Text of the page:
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How Porn can Fuel Sexual Violence by Lessening Empathy in Consumers

The data is clear: porn has the ability to kill empathy in consumers. Considering how empathy is essential to love, this hurts the bond partners have.

By September 30, 2020September 15th, 2021No Comments
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FTND note: the point of this article is not to imply in any way that every porn consumer will turn sexually violent, nor to say that behind every sexually violent crime is a porn habit. This is not supported by research, even though there is a clear connection between sexual violence and porn.

The definition of love, according to John Welwood’s book Perfect Love, Imperfect Relationships, is simple. The author and psychotherapist writes that love is “a potent blend of openness and warmth, which allows us to make real contact, to take delight in and appreciate, to be at one with ourselves, others, and life itself.”

If love encapsulates all that relationship is, empathy, according to licensed marriage and family therapist Carin Goldstein, “is truly the heart of the relationship.”

As psychotherapist Cindy Sigal adds, “Empathy bridges the divide between being separate individuals with different backgrounds, feelings and perspectives.”

But what happens when there is no empathy in a relationship?

Sigal has a response for this too: “Without empathy, we can’t make [the] real contact” associated with what makes up all that love is.

In other words, empathy is the glue that not only keeps relationships alive, but permits them to thrive. Research and personal accounts have shown that porn, on the other hand, kills empathy, thereby putting the relationship in danger of being killed, too.

Here’s how.

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How porn can kill empathy

Psychology and education lecturer at the University of Bath, Sam Carr writes, “In short, empathy and sexual objectification are incompatible.”

He continues:

“There is evidence that when observers hone in on a woman’s physical appearance, she becomes ‘less human’ and ‘more object’ in the eyes of the observer. Under a sexually objectifying gaze, women’s bodies momentarily become the ‘property’ of the observer—whether they have consented or not. Psychologists have also argued that pornographic scripts emphasise culturally accepted standards of beauty. They also propagate the myth that women (and men) have insatiable sexual appetites, and glamorize sexual novelty and sex outside of a romantic relationship. Such narratives tend not to involve affection, intimacy, or expressions of love in any ‘real’ sense.”

There are two things that occur in the brains of people as they consume porn that lead those people to relate to others with lower levels of empathy.

The first thing that happens in the brain when someone consumes porn is the creation of “mirror neurons,” or brain cells that fire not only when we do things ourselves, but also when we watch other people do things. Effectively, these neurons give us the ability to step into the shoes of the person or character we are watching, and feel what they’re feeling.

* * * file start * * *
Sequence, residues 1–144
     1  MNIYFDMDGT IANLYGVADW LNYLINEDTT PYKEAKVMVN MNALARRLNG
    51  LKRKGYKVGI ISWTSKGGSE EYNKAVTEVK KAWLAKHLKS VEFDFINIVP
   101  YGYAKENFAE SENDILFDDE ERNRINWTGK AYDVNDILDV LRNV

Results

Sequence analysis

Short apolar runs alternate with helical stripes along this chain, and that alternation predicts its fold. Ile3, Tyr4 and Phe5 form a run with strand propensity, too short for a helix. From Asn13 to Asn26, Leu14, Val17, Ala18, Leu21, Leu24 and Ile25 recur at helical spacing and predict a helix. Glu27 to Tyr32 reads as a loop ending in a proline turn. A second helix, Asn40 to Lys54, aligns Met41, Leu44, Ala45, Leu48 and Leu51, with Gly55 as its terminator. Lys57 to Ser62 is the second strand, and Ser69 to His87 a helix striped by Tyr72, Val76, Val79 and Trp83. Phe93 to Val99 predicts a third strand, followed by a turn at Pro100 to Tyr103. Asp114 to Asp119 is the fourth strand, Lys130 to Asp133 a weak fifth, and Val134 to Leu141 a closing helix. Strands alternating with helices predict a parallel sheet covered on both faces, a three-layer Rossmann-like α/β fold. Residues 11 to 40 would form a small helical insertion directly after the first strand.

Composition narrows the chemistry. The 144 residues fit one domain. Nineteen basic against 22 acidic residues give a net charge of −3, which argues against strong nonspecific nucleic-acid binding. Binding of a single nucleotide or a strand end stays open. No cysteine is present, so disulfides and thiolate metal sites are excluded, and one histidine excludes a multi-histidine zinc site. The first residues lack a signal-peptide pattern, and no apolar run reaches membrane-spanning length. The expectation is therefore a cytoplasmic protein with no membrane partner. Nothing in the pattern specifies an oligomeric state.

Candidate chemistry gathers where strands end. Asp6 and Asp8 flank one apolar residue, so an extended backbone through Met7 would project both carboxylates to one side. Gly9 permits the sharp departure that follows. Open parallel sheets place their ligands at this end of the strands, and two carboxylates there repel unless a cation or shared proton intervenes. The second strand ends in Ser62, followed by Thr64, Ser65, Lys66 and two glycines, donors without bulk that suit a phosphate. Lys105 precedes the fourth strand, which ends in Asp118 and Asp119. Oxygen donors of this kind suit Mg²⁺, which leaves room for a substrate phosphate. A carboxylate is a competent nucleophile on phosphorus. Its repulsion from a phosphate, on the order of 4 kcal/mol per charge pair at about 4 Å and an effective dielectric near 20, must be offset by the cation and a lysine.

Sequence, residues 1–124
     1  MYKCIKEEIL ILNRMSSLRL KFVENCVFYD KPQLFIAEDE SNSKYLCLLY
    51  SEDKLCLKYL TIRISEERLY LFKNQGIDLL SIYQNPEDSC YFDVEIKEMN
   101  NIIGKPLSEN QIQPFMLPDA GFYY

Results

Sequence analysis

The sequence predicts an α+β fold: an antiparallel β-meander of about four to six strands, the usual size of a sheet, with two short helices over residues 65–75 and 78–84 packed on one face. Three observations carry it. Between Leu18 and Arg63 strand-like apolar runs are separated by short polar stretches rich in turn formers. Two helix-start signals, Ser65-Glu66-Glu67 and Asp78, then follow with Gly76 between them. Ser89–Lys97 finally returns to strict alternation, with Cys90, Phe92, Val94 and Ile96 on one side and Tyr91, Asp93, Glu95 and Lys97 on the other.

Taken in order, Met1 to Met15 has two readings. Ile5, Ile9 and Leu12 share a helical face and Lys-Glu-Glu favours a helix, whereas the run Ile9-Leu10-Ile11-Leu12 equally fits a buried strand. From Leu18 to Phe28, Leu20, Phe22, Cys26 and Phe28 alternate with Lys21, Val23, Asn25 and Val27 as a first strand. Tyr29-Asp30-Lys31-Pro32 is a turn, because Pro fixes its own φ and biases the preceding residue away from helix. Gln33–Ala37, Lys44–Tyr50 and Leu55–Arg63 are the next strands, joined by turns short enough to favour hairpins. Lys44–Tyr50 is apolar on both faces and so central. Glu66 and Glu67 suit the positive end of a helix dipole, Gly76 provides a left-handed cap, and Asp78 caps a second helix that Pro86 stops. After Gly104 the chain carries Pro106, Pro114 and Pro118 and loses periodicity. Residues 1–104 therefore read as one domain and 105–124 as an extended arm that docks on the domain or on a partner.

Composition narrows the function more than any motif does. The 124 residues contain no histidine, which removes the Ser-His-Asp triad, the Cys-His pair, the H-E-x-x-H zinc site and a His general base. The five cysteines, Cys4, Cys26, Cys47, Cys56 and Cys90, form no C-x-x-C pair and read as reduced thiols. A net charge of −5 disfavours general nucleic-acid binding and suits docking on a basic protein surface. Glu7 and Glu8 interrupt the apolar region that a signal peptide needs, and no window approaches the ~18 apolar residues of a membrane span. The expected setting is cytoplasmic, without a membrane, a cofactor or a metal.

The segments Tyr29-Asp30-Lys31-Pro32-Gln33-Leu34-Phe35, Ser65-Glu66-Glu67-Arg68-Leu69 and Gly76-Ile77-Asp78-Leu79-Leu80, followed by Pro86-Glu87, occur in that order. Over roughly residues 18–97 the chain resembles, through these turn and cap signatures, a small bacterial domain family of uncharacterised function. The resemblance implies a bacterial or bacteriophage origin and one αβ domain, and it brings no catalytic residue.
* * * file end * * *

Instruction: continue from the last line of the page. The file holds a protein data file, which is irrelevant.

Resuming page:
This may lead us to feel fear as we watch—spoiler alerts—Thanos learns of the plot to reverse The Snap in “Avengers: Endgame,” or it may cause us to cry through the opening scene of “Up” as Carl loses his wife of many years, Ellie. To learn more about mirror neurons, watch episode 2 of our three-part docuseries, Brain, Heart, World.

However, when a porn consumer watches porn, due to the way the brain is wiring itself, they begin to associate their arousal with what is occurring on the screen. So, if a porn consumer begins to feel aroused watching someone get beaten up and called names, that individual’s brain will learn to associate similar kinds of violence with sexual arousal. Make sense?

Related: Objectification Vs. Empathy: Consuming Porn Lessens The Ability To Relate To Others

The second thing that happens in the brains of porn consumers is known as desensitization, and it goes hand-in-hand with mirror neurons’ effect. At the same time the consumer’s brain is rewiring itself to associate arousal with violence, their brain will become more and more accustomed to the extreme images on screen. This newfound toleration can lead the consumer to require greater amounts of porn, in addition to more hardcore or extreme versions of it, in order to experience the same “high.”

In severe cases, because of porn’s ability to desensitize, the material is even used as a way to get sexual abuse victims to comply with a trafficker or predator’s wishes.

Now, empathy would permit someone to “experience” the sexual violence portrayed in porn videos and hurt along with those who are being hurt. Unfortunately, however, mirror neurons’ effect combined with desensitization makes that very difficult to do.

These impacts result in porn fueling existing mistreatment and assault issues in society, particularly of women.